Not often do shivers ripple up my spine on my morning commute. I’ll admit this feeling isn’t alien to me. Discovering transportive music that makes my heart swell is my lifeblood. I seek out shiver-inducing music, so much, in fact, that I wonder if I will one day grow immune to it. Despite this, I couldn’t contain my excitement when I rediscovered the response, known as frisson (French for “shiver”), while listening to the orchestral intro track of Astralium‘s debut album Land of Eternal Dreams for the first time. After a quick search, I learned that frisson is, more technically, a psychophysiological response to rewarding auditory and/or visual stimuli that induces a pleasurable affect state and skin tingling or chills. My response makes sense then, because, holy wah, is Land of Eternal Dreams a rewarding auditory experience.
While I was embarrassingly late to hop on the Nightwish bandwagon, I’m all here for the beginning of what I surmise will be Astralium‘s long and storied career. Astralium is an Italian symphonic metal band formed in 2014 by soprano Roberta Pappalardo and bassist Giuseppe Pappalardo. In 2017, they began work for their debut, a concept album concerning dreams and the astral universe. Using a formula that many of the symphonic metal greats before them employed, Astralium takes you on a journey — this time to uncover a fantasy world of vibrations of golden light and color that lives within you. Epic intro track “Remembrance” does a phenomenal job of rolling out the red carpet and filled me with a sense of wonder just as The Lion, The Witch and the Wardrobe’s “Evacuating London” or even “Hedwig’s Theme” did for me years ago.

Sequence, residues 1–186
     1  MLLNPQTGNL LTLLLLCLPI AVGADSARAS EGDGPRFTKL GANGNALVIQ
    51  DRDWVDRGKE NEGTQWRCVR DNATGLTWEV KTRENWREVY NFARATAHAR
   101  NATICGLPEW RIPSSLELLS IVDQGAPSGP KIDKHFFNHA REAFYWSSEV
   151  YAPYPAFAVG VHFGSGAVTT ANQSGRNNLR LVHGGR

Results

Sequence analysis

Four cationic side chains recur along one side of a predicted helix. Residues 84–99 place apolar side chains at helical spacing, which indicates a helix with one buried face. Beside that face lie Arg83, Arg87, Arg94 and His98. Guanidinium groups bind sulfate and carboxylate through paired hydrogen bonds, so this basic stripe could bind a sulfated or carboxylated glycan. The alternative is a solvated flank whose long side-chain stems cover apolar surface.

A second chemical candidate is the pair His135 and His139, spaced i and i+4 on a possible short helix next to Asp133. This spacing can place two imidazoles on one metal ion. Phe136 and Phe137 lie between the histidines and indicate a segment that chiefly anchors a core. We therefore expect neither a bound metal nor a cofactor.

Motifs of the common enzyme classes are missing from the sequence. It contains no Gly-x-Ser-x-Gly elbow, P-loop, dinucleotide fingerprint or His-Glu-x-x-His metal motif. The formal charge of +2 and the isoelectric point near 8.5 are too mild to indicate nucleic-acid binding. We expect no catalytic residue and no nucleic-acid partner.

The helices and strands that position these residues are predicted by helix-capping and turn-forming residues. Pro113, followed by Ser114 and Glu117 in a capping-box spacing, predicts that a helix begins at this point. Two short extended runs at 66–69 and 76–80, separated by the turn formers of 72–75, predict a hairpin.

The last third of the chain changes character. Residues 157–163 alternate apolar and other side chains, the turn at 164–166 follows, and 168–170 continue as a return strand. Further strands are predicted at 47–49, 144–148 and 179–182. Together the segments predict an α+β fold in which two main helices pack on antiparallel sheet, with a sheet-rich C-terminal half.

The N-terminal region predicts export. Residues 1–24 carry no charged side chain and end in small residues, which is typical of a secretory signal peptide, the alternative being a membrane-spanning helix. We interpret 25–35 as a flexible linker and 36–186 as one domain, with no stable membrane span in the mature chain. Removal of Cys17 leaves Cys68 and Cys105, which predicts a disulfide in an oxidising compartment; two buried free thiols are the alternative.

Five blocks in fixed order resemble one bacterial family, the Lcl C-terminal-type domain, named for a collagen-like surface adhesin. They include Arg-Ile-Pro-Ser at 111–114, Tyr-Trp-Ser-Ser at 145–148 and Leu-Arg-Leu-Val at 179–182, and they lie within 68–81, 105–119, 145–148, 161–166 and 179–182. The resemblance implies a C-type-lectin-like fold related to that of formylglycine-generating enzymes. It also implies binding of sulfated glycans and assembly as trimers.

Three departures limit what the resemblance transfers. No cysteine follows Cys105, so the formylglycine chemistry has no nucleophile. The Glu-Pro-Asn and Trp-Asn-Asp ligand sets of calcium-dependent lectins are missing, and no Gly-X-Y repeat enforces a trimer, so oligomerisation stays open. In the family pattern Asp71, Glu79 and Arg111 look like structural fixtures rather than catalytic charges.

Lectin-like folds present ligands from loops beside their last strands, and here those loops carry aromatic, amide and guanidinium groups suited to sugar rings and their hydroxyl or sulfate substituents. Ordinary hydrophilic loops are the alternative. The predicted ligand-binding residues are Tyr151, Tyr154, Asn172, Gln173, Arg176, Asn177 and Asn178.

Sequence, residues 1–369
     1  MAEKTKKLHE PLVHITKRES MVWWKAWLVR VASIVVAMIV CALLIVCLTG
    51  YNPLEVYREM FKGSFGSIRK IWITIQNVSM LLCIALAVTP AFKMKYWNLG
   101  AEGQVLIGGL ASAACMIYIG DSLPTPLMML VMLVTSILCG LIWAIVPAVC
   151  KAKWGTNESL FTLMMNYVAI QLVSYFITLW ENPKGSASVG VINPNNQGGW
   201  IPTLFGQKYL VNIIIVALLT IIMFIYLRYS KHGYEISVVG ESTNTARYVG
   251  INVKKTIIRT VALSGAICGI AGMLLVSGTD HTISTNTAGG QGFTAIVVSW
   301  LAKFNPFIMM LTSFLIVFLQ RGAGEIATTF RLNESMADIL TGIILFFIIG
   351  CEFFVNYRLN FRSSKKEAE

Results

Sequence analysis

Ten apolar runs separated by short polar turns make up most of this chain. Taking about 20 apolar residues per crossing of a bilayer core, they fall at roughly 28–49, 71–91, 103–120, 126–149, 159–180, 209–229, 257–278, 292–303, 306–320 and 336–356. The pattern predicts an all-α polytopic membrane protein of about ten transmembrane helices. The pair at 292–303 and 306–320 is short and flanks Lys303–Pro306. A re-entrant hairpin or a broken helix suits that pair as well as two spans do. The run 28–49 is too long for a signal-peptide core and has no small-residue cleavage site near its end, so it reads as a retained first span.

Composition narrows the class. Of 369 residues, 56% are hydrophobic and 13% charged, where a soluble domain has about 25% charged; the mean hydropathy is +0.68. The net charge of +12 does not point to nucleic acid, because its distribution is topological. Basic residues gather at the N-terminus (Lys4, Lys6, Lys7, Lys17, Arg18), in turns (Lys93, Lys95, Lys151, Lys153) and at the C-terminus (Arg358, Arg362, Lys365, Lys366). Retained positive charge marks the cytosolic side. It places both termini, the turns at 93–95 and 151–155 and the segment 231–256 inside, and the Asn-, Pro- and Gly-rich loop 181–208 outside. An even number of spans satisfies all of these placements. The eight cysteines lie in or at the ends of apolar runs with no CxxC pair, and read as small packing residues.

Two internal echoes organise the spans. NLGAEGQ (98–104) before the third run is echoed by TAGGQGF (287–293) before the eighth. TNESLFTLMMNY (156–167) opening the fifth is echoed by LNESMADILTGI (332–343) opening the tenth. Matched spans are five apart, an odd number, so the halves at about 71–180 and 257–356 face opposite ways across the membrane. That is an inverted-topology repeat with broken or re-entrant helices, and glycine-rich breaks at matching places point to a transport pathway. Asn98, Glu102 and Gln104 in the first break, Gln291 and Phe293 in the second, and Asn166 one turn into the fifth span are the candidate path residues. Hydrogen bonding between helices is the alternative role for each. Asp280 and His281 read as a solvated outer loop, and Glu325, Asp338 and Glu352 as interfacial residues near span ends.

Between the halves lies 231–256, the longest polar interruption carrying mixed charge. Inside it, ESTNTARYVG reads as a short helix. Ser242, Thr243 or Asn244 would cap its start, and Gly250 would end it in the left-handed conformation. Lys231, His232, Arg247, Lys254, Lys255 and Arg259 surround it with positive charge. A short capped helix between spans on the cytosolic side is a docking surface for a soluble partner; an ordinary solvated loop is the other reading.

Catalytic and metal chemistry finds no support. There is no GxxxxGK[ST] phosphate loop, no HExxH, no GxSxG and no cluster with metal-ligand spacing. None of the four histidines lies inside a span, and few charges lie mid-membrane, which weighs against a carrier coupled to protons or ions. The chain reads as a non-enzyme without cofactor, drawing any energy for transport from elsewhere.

The second track, “The Journey” explodes with bombast from the get go and had me itching with anticipation waiting for Roberta’s voice to materialize. Warm and powerful, her vocals punched through the mix, immediately grabbed my attention, and asserted that Astralium aren’t messing around. I mentioned Nightwish in this review once already, and I continue to do so unapologetically since the Finnish force to be reckoned with is the band Astralium most obviously resembles on their inaugural record. Astralium is not just another Nightwish wannabe, though. Land of Eternal Dreams is Nightwish at their very best for all thirteen tracks, simultaneously heavy, over the top, and full of cheese. With “Wish I Had An Angel” guitar chugs (“Whisper In The Silence”), energetic call and response vocals that remind me of “The Poet And The Pendulum” (“Rising Waves From The Ocean”), and even the march-like feel of “Creek Mary’s Blood” (“Seven Seas, Seven Winds”), I made it a game to find as many well-done Nightwish parallels ripe for the picking as I could. When the midsection of the album began to lose momentum, I was again caught off guard and experienced frisson during “Ethereal Voices From The Past,” my personal favorite track on the album and one that feels distinctly Astralium. The song gives off the aura of a fairy world forest, and Roberta’s tender lyric-less croons levitate above thick swaths of ambiance and crescendoing strings.
While Roberta’s alluring vocals are the standout performance, other contributions to the album should not be overlooked and are just as noteworthy after repeat listens. The production is impeccable, the cinematic orchestral arrangements are sweeping and complex, and Roberta’s lofty vocals periodically give way to reveal dynamic guitar wizardry that would be perfectly at home on a Rhapsody of Fire track. Astralium‘s sole shortcoming worth bringing up is the album’s length. If you make it all the way through the bonus orchestral version of “Hope Is Gone,” the total time spent listening comes in at over 65 minutes. For a band who are exposing their polished work to the world for the first time, that’s a lot to ask, and I wish they had done even some semblance of pruning.
Time and time again, bands have attempted to replicate what Nightwish did for symphonic metal in the late 90s and early 2000s, and more often than not, crash and burn. Astralium burst onto the scene (not unlike Dialith did recently) with a cohesive album that is admittedly vastly inspired by Nightwish‘s grandiose and cinematic sound, but is so delightfully polished and fun that the final product is uniquely their own. From prog metal guitar influences to ruminative ambiance, Land of Eternal Dreams takes symphonic metal one step further to result in an album I will definitely be returning to routinely. Astralium, I’m rooting for you!